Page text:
Tehran - Iran's conservative-dominated parliament voted down a bid by its reformist predecessor to support women's rights and enforce gender equality, press reports said Wednesday.
A bill passed earlier this year by the previous parliament had already been sent back by the conservative watchdog body the Guardians Council, which vets all legislation, on the grounds that it was against Islamic law.
Conservatives won control of the assembly in controversial elections in February which saw many reformist candidates disqualified by the same Guardians Council, and took office in May.
They have since reversed a number of measures taken by the reformist government of President Mohammad Khatami, who still has another year in office.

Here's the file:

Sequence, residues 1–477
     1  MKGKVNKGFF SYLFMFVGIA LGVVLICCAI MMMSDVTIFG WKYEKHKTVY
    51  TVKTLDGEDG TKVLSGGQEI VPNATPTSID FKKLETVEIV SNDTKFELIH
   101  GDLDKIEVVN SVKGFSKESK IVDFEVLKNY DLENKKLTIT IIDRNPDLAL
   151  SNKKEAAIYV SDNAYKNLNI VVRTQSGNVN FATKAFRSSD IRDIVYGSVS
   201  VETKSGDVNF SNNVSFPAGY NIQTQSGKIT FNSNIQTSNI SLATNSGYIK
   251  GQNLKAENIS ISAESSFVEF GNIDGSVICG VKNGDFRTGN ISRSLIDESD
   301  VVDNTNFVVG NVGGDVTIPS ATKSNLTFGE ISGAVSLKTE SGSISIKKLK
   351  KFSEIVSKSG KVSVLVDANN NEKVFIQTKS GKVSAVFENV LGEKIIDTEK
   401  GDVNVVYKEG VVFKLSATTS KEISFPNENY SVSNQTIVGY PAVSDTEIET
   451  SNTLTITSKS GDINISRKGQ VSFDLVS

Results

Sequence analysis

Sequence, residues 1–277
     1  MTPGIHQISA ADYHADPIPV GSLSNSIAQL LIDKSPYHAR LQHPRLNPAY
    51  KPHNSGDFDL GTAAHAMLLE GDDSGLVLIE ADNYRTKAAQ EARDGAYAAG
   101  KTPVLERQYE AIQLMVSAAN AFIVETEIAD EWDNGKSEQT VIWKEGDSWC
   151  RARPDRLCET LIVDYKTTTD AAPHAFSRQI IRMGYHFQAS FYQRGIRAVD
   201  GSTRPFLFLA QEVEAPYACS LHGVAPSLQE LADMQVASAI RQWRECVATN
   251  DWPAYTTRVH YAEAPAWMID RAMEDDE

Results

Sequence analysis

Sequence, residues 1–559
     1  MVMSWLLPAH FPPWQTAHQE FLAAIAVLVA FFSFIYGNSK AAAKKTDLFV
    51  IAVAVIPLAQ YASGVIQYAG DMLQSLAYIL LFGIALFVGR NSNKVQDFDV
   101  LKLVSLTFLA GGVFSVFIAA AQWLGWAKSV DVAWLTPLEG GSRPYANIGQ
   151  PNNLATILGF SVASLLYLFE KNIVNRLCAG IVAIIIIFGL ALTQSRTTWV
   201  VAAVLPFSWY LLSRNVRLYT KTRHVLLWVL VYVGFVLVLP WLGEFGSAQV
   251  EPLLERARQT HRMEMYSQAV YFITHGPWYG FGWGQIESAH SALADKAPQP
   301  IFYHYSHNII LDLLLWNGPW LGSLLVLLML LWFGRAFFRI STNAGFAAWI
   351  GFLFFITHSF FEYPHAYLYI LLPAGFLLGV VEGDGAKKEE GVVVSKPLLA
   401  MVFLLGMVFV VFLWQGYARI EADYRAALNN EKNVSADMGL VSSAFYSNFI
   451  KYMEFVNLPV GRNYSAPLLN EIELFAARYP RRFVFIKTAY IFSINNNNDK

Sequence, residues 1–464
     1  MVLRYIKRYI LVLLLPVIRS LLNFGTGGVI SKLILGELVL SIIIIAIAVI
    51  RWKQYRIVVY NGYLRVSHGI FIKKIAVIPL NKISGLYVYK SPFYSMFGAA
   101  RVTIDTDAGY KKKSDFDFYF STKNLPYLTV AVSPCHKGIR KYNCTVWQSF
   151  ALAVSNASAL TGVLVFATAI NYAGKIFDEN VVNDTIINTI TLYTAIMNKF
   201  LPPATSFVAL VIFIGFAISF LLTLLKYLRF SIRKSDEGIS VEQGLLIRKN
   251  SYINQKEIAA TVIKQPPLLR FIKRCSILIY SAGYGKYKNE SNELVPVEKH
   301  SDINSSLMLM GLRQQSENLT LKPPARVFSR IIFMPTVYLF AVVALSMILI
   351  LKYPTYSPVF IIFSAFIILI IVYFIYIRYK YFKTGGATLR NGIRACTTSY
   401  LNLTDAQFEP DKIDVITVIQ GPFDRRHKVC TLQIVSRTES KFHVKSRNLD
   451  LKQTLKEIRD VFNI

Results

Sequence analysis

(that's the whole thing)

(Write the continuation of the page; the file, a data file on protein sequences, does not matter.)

Gender equality in the Islamic republic has been one of the most controversial issues in the past seven years, since Khatami was first elected.
Debate reached a peak when the reformist parliament ratified Iran's joining the Convention on the Elimination of Discrimination against Women (CEDAW). The Guardians Council again quashed the move, despite the support of severel eminent clerics.
"There was no objection from the women MP's of the conservative parliament when the assembly eliminated "gender equality" from the plan," the daily Shargh reported Wednesday.
On Sunday the parliament voted down plans put forward by its reformist-controlled predecessor aimed at opening up the economy to much-needed foreign investment.